Falls in older adults with cancer: an updated systematic review of prevalence, injurious falls, and impact on cancer treatment

S. Sattar, K. Haase, S. Kuster, M. Puts, S. Spoelstra, C. Bradley, T. M. Wildes, S. Alibhai

Research output: Contribution to journalReview articlepeer-review

10 Scopus citations


Purpose: This update of our 2016 systematic review answers the following questions: (1) How often do older adults with cancer fall? (2) What are the predictors for falls? (3) What are the rates and predictors of injurious falls? (4) What are the circumstances and outcomes of falls? (5) How do falls in older patients affect subsequent cancer treatment? and a new research question, (6) Which fall reduction interventions are efficacious in this population? Methods: MEDLINE, PubMed, CINAHL, and Embase were searched (September 2015–January 25, 2019). Eligible studies included clinical trials and cohort, case-control, and cross-sectional studies published in English in which the sample (or subgroup) included adults aged ≥ 60, with cancer, in whom falls were examined as an outcome. Results: A total of 2521 titles were reviewed, 67 full-text articles were screened for eligibility, and 30 new studies were identified. The majority involved the outpatient setting (n = 19) utilizing cross-sectional method (n = 18). Sample size ranged from 21 to 17,958. Fall rates ranged from 1.52 to 3.41% per 1000 patient days (inpatient setting) and from 39%/24 months to 64%/12 months (outpatient setting). One out of the 6 research questions contributed to a new finding: one study reported that 1 in 20 older patients experienced impact on cancer treatment due to falls. No consistent predictors for falls/fall injuries and no studies on fall reduction interventions in the geriatric oncology setting were identified. Conclusion: This updated review highlights a new gap in knowledge pertaining to interventions to prevent falls. Additionally, new knowledge also emerged in terms of impact of falls on cancer treatment; however, further research may increase generalizability. Falls and fall-related injuries are common in older adults with cancer and may affect subsequent cancer treatment. Further studies on predictors of falls, subsequent impacts, and fall reduction in the oncology setting are warranted.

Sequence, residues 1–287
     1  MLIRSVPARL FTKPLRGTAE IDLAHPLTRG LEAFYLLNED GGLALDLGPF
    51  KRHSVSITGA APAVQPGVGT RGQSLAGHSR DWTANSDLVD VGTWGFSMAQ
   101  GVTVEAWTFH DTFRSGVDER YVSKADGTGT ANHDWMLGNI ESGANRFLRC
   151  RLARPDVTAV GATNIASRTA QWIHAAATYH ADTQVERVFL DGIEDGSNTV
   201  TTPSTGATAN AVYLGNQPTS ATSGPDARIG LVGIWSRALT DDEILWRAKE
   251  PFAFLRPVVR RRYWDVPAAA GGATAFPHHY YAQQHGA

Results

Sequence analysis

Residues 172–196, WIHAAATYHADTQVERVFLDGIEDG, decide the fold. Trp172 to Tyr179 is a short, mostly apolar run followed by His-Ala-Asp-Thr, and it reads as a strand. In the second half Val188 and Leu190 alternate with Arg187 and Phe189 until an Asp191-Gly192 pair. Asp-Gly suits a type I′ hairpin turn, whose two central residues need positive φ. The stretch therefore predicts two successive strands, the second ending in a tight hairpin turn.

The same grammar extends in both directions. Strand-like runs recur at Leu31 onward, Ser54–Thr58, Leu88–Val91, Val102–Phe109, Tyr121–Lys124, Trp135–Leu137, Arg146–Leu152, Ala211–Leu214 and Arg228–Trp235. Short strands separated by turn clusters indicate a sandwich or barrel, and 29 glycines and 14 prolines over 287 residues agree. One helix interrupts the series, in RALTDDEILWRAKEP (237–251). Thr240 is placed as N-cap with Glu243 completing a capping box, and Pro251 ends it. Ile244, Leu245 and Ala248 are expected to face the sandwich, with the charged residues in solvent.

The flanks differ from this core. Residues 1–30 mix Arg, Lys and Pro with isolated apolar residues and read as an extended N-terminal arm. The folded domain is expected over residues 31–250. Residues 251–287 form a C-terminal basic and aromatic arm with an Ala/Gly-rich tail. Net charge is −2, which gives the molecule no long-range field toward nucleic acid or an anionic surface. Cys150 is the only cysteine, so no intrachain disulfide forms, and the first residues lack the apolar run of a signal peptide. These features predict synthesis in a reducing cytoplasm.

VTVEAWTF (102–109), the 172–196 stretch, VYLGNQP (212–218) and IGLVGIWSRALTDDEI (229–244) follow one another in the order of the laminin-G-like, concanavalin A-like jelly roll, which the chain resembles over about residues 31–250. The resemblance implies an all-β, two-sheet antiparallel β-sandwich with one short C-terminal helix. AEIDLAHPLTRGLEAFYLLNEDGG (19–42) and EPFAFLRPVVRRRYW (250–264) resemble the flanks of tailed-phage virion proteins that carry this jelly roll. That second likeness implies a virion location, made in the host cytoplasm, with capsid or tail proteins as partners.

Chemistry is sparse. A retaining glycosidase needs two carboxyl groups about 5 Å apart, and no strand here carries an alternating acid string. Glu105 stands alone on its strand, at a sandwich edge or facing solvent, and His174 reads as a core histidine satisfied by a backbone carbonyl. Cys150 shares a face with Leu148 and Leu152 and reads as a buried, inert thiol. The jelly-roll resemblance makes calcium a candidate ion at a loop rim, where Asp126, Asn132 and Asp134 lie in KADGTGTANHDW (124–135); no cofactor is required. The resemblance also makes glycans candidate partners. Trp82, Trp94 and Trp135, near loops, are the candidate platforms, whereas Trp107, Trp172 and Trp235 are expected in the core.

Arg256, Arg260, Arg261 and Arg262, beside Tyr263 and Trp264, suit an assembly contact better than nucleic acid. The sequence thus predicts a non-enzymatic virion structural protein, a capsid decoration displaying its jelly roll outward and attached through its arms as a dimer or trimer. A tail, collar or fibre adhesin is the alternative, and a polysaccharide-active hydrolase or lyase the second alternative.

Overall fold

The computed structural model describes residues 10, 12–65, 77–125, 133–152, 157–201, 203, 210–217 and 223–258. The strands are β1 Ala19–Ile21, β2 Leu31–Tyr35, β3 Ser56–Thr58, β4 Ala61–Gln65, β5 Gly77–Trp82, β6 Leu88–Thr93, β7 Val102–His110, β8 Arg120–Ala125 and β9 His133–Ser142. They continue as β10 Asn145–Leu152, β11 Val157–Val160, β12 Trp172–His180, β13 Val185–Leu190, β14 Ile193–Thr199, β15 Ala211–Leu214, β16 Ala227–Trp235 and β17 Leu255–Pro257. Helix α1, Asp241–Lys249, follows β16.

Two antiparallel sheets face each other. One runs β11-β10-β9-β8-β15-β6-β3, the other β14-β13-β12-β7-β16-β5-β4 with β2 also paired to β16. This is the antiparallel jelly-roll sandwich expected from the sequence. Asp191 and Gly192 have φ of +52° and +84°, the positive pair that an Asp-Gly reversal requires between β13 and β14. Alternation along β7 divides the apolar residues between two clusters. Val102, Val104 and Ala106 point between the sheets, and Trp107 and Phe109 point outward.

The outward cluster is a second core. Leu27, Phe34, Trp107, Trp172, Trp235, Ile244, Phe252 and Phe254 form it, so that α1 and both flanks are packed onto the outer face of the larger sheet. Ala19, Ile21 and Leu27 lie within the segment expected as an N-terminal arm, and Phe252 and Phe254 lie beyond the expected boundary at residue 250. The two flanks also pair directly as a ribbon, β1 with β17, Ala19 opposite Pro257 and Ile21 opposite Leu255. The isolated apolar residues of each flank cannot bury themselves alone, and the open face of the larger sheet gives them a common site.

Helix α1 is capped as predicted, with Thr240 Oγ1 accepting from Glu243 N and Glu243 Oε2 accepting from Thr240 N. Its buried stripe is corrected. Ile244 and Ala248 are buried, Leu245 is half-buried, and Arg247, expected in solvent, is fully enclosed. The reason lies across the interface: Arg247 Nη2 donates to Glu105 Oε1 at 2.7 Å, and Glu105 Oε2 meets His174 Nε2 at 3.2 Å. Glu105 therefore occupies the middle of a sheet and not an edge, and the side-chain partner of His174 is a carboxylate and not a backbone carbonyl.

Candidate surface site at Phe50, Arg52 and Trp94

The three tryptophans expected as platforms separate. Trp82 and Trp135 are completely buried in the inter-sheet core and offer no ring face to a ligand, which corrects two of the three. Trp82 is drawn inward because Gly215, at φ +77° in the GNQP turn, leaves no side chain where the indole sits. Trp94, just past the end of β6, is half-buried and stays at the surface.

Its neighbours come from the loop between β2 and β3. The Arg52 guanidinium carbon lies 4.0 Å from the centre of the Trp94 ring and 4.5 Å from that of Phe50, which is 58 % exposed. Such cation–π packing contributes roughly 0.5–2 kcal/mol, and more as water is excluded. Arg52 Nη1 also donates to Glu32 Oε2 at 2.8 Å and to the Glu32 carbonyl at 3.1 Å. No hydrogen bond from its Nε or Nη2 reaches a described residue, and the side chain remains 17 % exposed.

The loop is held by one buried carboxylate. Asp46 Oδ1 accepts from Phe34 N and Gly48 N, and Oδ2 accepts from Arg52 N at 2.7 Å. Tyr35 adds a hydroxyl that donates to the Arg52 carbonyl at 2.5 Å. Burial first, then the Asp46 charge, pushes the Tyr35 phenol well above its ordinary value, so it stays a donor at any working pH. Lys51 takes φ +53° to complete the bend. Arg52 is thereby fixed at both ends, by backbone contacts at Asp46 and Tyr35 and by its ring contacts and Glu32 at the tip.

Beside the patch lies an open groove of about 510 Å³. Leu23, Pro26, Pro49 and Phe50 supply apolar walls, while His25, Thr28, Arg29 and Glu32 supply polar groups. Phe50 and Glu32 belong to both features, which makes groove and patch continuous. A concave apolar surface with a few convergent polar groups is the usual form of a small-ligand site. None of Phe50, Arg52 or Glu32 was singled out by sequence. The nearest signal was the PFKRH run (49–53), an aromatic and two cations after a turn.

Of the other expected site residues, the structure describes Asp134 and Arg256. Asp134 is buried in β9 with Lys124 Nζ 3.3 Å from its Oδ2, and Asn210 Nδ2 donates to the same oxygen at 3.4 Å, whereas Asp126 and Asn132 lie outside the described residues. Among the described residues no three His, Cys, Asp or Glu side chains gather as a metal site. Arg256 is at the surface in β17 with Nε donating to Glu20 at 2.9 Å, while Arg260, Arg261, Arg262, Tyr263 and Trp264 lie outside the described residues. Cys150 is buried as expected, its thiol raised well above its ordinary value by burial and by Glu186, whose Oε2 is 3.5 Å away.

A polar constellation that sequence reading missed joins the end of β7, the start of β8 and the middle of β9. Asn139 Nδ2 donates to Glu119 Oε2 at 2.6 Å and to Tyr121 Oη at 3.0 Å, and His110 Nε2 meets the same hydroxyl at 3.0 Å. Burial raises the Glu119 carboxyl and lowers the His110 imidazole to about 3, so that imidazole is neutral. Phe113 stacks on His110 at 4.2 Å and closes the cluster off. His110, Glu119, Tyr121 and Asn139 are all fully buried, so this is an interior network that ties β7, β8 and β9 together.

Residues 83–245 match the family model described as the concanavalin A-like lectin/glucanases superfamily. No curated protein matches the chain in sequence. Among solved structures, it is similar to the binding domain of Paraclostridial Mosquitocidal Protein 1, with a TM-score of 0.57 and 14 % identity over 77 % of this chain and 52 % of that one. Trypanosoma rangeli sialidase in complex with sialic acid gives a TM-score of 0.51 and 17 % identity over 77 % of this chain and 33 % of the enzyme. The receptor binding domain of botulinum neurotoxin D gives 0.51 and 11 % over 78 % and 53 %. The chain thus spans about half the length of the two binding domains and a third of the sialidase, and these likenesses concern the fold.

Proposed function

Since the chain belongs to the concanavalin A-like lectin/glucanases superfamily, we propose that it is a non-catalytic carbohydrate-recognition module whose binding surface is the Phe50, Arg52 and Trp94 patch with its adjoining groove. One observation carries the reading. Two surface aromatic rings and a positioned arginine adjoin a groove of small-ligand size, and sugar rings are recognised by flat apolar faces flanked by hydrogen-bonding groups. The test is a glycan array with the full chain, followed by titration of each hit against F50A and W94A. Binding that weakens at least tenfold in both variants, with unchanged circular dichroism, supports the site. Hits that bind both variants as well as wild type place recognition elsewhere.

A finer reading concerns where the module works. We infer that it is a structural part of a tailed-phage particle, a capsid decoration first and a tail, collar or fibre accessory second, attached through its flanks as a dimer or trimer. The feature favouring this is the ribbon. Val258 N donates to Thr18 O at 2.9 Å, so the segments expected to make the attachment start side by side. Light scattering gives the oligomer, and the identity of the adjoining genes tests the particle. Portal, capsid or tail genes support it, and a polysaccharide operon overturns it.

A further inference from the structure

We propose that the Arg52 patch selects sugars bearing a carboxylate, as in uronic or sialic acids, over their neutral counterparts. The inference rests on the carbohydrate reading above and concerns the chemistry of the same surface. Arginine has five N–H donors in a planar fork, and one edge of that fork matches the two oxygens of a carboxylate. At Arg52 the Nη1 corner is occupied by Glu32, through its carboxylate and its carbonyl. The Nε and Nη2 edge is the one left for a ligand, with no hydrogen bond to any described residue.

Original languageEnglish
Pages (from-to)21-33
Number of pages13
JournalSupportive Care in Cancer
Issue number1
StatePublished - Jan 2021


  • Cancer treatment
  • Falls
  • Geriatric oncology
  • Systematic review


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